Purpose-led start-ups are tackling hard problems and improving lives. Wagestream is making payday lending redundant by enabling employees to get instant access to their earned wages. Open Bionics is on a mission to ‘turn disabilities into superpowers’ by building and developing the next generation of bionic limbs for limb-different children. Ieso Digital Health delivers online therapy for people with common mental health issues across the UK, at a time and place that suits them.
These companies all have impact intent at their core and have designed accessible products and services that are addressing areas of essential human need.
Venture capital firms are becoming increasingly interested in investing in companies like these. Big Society Capital engaged with more than 10 times as many venture firms with an impact lens seeking funding in 2020 relative to 2018. And dealroom.co analysis suggests investment into impact-targeting start-ups has almost doubled in recent years, representing between 15-20% of all venture dealflow in Europe.
So why are venture firms now more interested in impact than in previous years?
1. It reflects a shift in the broader investment market
The major constituents of venture firms are investors and founders – and both of those groups increasingly care about impact. Data from the 2016 Mission-led Business Review shows that one in five young founders say having a positive social impact is their primary motivation for starting a business. We are increasingly seeing experienced operators and serial founders launching impact-focused startups.
Similarly, limited partners are showing an increased interest in impact. Of 63 investors who contributed to the The Capital Behind Venture report by Mountside Ventures, around one quarter were explicitly looking to invest in impact venture as a sector and two thirds said impact was preferred. Groups such as Pension for Purpose and the Responsible Investment Network of Universities have emerged to help institutional investors come together to learn about impact.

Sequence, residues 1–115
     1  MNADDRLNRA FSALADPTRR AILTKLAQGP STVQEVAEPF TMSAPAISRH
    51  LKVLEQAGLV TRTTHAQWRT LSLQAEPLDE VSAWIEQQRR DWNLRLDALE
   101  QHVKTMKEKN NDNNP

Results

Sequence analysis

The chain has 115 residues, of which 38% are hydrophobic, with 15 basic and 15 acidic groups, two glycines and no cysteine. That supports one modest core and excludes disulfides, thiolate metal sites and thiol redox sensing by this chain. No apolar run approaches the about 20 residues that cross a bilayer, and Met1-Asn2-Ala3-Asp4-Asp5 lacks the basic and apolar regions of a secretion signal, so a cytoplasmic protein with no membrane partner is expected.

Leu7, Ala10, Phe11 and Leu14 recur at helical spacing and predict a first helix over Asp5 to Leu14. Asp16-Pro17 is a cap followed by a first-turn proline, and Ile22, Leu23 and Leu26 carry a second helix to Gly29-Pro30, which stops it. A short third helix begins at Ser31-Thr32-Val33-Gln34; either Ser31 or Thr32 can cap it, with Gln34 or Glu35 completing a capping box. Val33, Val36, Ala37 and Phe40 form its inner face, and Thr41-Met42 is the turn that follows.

2. Purpose-led companies can attract talent and customers
For start-ups to succeed they need to attract customers and high calibre talent. The evidence suggests people increasingly care who they work for. For example, a 2016 study by LinkedIn found 74% of candidates want a job where they feel their work matters. Purpose-led companies have an advantage in presenting a clear mission that resonates with potential hires – and ultimately working on that mission provides a level of meaning that can keep the best talent over time.
The evidence also suggests consumers increasingly care who they buy from – with a 2018 Edelman Earned Brand survey showing that 64% of consumers are belief-driven buyers who would choose a brand based on its position on social issues. There is growing demand to help solve the many pressing issues facing society – and brands that can authentically articulate their positive social contribution are positioned to succeed.
3. Social impact can drive returns
Impact can be a source of value – and therefore a driver of returns. Although having a clear purpose is beneficial, actively solving for impact over time can drive deeper value. Delivering strong impact performance can help attract and retain customers, employees, and investors – as well as positioning companies ahead of regulatory risks.
For example, Wagestream seeks to deliver better outcomes for employees’ financial wellbeing. It does this by providing access to earned income as a benefit through employers. For example, an employee on the platform may be able to avoid missing their rent payment thanks to being able to access some of their wages two weeks earlier. As Wagestream improves and builds evidence of the value of this service, it will deliver both stronger impact and a stronger basis to attract employers as customers.
Where next for impact in venture?
Tech-enabled business models can have a transformative impact in the right context, with the right intent, and with an aligned business model. The Covid-19 pandemic has further highlighted the need for innovative solutions to social problems, and we have seen many impact start-ups step up and adapt in response to the crisis in areas such as health, education and financial inclusion.
Impact start-ups are part of a movement that is gathering momentum and with many pressing issues facing society, they have an even greater role to play in the recovery phase of this crisis and beyond, providing opportunities for investment.